Hooded Wrap Cardigan

wrap cardigan with hood

I’ve been working on some new designs for my shop.  This is the first version of a hooded cardigan that I’ve been testing out.

I’ve been working with more knits since I bought a serger and I wanted to make something that would be comfortable and easy to wear, but would still look interesting.

It’s my own self-drafted pattern and this sample was made from organic cotton sweatshirt fleece that I hand dyed.

hooded tie dyed cardigan

I’m pretty happy with it, but there are a few things I need to adjust before it will be ready for sale.

One change will be to have the front bodice panels overlap each other further.  I made it so that they overlap by a few inches, which is fine for wearing the cardigan open, but I realized that it feels much cozier to have them fully overlap each other when you want to bundle up.

hooded tie dye cardigan

Another thing I will change is how the seams inside the hood and around the front edge and hem are finished.  I don’t really like how the exposed serged seams look, so I will conceal them next time.

I’m thinking probably a flat felled seam down the center of the hood and a twice turned up hem with mitered corners around the edge of the garment.  I’m not sure how to finish the neckline, I’ll have to think about that one!

hand dyed cardigan with hood

elf cardigan 14

Overall, I’m really happy with how this design turned out and I’m hoping to have the new and improved version up for sale in my shop soon.  In the mean time I will continue “test wearing” this one in the name of fashion science!

 

 

Ice Dyed Lark Tee

lark tee 2

Hello!  I’m back with a backlog of garments to post!

First up is the Lark Tee from Grainline Studio.

I really like Grainline’s patterns.  They are basic in the best way.  Classic and minimalist, but not boring.  I usually dye my own fabric and I tend to stick to simpler shapes to let the fabric do the talking.

lark tee 7

lark tee 4

For this top, I ice dyed organic cotton jersey.  This was my first foray into ice dyeing and I am obsessed!!!

lark tee 14

Fabric scrunched up in a basket with ice on top, sprinkled with dye.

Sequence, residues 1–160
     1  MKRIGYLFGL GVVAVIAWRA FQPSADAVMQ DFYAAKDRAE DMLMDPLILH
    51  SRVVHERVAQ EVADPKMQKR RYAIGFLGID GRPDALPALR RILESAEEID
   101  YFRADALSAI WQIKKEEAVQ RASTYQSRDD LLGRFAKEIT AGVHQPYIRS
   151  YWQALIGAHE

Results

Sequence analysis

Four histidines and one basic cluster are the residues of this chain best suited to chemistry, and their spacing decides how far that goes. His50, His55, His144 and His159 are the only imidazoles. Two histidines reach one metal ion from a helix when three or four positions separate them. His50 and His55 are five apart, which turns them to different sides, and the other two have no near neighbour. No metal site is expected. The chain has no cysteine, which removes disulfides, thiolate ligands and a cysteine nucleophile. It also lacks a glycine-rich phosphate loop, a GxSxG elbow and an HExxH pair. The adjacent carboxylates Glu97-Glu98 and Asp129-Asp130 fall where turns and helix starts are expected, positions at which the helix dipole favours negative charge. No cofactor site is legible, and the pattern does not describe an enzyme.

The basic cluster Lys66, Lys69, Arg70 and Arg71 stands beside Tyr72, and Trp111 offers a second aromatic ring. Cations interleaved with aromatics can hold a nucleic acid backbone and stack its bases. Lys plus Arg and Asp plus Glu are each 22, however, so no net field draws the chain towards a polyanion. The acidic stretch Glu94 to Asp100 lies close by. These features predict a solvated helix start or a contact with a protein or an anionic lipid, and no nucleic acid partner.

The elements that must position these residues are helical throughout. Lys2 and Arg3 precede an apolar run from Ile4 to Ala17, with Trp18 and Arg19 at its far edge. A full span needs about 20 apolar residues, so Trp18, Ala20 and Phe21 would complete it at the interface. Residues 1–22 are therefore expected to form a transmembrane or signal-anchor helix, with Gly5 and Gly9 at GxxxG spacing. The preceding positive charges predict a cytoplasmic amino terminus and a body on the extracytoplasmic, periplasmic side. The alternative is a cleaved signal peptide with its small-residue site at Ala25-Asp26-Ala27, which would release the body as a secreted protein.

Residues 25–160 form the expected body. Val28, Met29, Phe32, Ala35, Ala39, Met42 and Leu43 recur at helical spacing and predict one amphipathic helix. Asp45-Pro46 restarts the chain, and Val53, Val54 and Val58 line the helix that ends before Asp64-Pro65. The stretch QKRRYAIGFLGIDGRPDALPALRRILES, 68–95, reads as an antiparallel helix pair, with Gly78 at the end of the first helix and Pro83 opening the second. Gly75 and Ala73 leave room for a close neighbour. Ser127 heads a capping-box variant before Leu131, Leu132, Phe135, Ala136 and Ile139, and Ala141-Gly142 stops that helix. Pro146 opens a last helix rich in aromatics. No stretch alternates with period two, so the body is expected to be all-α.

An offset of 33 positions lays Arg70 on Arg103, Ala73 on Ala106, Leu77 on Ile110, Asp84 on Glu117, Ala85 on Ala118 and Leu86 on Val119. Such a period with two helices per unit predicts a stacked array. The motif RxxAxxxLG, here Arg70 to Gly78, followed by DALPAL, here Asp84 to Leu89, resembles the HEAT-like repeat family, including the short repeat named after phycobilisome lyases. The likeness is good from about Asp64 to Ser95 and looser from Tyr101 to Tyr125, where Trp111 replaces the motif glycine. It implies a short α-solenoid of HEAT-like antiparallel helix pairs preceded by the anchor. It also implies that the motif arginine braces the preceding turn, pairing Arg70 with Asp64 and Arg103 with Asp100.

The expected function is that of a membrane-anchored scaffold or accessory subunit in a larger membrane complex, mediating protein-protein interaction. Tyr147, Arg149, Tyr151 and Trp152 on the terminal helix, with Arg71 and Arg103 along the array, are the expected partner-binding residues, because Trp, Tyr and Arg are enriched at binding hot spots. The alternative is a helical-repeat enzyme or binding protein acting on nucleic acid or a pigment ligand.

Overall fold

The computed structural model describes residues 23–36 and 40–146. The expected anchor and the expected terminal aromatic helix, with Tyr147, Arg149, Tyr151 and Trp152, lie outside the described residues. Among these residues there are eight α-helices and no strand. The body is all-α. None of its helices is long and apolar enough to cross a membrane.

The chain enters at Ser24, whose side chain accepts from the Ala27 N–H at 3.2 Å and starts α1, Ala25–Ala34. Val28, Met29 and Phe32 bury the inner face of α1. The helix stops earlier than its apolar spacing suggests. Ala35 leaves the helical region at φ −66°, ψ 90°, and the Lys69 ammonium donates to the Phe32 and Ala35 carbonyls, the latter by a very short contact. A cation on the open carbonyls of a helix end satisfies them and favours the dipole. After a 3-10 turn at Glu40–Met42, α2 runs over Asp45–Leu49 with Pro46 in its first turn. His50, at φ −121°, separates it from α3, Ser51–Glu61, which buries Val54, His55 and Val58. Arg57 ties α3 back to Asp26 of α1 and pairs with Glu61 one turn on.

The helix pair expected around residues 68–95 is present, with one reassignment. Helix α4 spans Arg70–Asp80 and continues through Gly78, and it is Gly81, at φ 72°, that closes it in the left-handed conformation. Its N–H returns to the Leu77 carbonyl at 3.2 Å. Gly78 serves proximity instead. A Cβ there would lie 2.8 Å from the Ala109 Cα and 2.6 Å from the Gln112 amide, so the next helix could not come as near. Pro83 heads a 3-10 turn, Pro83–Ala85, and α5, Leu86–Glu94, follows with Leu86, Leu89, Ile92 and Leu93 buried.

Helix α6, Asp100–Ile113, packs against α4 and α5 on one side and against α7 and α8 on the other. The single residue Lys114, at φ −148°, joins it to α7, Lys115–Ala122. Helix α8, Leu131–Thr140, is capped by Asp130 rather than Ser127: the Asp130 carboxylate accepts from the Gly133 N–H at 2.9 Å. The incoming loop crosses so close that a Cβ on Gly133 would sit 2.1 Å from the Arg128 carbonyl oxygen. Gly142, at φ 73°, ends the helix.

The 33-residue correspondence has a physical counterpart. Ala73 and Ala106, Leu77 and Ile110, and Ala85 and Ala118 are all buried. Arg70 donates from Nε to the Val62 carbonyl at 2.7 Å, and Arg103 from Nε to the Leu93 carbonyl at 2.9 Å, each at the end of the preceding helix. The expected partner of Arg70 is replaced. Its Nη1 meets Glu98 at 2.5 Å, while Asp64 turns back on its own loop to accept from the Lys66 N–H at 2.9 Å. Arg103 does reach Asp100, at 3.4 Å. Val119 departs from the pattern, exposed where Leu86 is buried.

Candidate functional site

Ice dyeing is pretty easy, you just need fabric, powdered dye and ice (duh!).  There are a lot of tutorials about how to do it online, I followed the one on Dharma Trading’s website.  The fabric came out awesome!

lark tee 16

Finished fabric drying on the rack.

As far as the Lark Tee pattern, I made a straight size 14 and I didn’t make any adjustments to the pattern.  I think next time I will go down a size because the 14 feels a little too big, but the proportions of the tee are good.

I used my serger to sew the majority of the tee together and I used a jersey needle in my straight stitch machine to do the hems and to top-stitch around the neck binding.  Before I hemmed the sleeves and body, I serged the edges to keep them neat, then pressed them up and stitched in place.

lark tee 17

I will definitely make this pattern again and DEFINITELY do more ice dyeing!

lark tee 6

My measurements for reference:

Height: 5′ 5″

Bust: 41.5″

Waist: 33.5″

Hips: 41.5″

Pattern: Grainline Studio Lark Tee – size 14

Fabric: Organic cotton jersey

Oversized Linen Dress

blue linen dress

I’ve been on quite a linen kick lately.  I love the rumpled texture and it’s so comfy in this hot weather.  I’ve also been chasing after the perfect relaxed but stylish dress design and after many revisions I think I’ve got it!

blue linen dress

It seems like a pretty simple dress, but it took a while to get the proportions just right.  The waistline and hem needed to be hitting me at just the right spot, or it was not very flattering.

blue linen dress

I know this silhouette is not for everyone, but I love it!  Maybe it’s because it brings back fond memories of all the grungy baby-doll dresses I wore in high school, while reading Sassy magazine and listening to the Cranberries…ah the 90’s…

linen babydoll dress

The neckline took some tinkering, I wanted it to be nice and open, but not show my bra straps.  And I wanted the skirt to be long, but not drag on the city sidewalks or subway floor–yuck!

linen dress

I’ve made many versions of this type of dress and this one is my favorite.  I’m definitely going to make up a few more in different fabrics and maybe a long sleeved version for the cold weather.  The possibilities are endless!

Rainbow Shibori Kaftan

My fabric buying budget has been a little low lately, but I won’t let that dampen my zeal for sewing!  Whenever I run out of new fabric I start hunting through my “archives” to see if there are any pieces that I can recycle.  I found a few test scarves that I made when I first started experimenting with shibori, and I thought they might look cool pieced together into a colorful patchwork of some kind.